Atmosphéries and the poetics of the in situ : the role and impact of sensors in data-to-sound transposition installations

Published in AM ’21: Proceedings of the 16th International Conference on Audio Mostly, 2021

Recommended citation: Anne Despond, Vincent Cusson, and Nicolas Reeves. 2021. Atmosphéries and the poetics of the in situ : the role and impact of sensors in data-to-sound transposition installations. In AM ’21: Proceedings of the 16th International Conference on Audio Mostly, September 01–03, 2021, Virtual. ACM, New York, NY, USA.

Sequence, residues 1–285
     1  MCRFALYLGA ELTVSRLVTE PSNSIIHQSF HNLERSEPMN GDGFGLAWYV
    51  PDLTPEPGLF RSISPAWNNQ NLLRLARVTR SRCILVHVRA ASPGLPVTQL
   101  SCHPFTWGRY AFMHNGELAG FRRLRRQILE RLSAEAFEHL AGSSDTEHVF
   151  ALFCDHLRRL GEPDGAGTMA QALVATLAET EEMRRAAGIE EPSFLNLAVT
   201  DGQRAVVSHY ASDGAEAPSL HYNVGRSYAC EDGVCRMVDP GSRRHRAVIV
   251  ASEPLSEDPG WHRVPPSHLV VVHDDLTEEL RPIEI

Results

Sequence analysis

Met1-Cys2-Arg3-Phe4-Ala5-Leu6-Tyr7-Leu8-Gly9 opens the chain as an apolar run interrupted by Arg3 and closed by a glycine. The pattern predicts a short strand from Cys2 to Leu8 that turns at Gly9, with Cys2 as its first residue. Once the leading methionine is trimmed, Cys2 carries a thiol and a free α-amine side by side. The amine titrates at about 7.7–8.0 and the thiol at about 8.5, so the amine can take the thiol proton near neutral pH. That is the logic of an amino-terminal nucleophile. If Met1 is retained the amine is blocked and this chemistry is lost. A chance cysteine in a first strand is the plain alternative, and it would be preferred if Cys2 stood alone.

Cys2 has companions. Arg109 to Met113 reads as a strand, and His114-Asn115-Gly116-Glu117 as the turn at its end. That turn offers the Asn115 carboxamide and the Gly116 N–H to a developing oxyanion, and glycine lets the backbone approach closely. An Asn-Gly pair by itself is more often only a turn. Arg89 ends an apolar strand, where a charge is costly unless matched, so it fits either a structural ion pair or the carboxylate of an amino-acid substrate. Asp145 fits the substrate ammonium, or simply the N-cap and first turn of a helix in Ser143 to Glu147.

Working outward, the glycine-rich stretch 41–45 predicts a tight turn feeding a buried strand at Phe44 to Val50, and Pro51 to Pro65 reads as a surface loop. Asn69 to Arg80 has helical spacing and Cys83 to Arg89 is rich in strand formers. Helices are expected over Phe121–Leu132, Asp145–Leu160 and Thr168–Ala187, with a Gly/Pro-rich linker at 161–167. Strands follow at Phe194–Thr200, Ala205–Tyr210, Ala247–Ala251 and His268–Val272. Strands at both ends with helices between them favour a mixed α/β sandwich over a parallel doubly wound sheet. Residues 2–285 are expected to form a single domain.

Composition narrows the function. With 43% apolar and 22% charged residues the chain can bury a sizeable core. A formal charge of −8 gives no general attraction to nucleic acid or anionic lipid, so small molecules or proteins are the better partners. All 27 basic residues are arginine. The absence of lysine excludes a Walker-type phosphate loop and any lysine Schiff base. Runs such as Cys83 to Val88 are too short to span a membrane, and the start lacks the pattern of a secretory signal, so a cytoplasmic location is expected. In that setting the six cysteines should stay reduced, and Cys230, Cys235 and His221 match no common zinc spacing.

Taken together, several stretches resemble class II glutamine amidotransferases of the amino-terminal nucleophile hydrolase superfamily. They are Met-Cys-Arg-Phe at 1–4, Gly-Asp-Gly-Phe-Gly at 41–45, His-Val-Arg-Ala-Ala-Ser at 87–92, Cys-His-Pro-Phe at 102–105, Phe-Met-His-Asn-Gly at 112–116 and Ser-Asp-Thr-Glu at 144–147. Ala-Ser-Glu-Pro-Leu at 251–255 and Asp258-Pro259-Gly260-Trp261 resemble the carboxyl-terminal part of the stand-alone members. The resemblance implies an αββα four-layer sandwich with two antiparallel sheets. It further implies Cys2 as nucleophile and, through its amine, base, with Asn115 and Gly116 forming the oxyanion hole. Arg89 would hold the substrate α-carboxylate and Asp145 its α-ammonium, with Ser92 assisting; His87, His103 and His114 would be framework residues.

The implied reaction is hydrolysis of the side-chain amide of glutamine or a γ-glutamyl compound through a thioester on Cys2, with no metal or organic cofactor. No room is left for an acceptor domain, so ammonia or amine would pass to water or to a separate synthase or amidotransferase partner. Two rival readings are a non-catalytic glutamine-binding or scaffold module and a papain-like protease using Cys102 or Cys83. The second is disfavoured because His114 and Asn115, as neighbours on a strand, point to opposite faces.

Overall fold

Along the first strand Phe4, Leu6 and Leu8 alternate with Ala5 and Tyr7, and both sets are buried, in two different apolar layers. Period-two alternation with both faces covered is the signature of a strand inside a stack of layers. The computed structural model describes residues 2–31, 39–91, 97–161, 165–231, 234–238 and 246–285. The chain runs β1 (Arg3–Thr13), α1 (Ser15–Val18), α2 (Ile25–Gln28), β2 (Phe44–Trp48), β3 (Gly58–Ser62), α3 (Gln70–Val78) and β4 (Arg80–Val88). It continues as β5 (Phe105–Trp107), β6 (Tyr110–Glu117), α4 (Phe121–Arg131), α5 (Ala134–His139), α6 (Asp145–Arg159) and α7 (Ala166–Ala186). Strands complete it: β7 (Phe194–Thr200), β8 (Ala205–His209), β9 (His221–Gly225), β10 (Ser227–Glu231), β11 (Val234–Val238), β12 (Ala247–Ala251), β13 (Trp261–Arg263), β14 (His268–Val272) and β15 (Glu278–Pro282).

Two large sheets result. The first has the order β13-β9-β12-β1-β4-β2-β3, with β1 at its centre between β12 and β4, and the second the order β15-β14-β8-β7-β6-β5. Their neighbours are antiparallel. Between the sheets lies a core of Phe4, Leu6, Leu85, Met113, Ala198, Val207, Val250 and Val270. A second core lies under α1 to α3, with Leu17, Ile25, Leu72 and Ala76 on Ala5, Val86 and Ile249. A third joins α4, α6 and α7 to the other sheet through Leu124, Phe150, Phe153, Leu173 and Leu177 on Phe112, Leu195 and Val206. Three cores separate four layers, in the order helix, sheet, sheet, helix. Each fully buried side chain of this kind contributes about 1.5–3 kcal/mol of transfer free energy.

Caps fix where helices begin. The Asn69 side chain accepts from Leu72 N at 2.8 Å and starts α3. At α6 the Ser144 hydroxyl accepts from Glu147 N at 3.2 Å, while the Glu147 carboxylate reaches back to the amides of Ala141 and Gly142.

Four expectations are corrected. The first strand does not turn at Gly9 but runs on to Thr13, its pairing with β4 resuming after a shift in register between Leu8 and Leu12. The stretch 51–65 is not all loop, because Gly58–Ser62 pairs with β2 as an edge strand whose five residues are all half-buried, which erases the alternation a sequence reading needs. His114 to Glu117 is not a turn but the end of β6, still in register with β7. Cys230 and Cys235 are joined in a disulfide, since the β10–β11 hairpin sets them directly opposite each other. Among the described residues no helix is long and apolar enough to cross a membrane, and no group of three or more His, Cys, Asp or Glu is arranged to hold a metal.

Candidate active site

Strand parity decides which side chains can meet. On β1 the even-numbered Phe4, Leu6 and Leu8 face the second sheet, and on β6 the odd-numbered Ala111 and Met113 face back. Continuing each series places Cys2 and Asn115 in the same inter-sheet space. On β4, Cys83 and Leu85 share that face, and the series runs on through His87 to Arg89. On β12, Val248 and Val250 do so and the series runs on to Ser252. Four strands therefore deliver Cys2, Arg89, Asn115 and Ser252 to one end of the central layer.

Abstract: Atmosphéries is a research-creation program which produced a series of art installations originally called “Cloud Harps”, that has known multiple transformations since their first instantiation in 1997. They are basically made of sculptural wooden “buffets” integrating different sensors that probe the sky and the surroundings to collect various atmospheric data. An internal process tuned by a human composer then maps these data to different audio parameters from a custom-made synthesis environment to create never-ending sound and musical sequences. The present paper presents artistic and technological considerations about real-time sensing of clouds in a sonic art installation context. Particular attention is given to the limitations and artefacts produced by such specialized sensors, and how we can embrace those to remain consistent with the locality and temporality aspects of in situ works.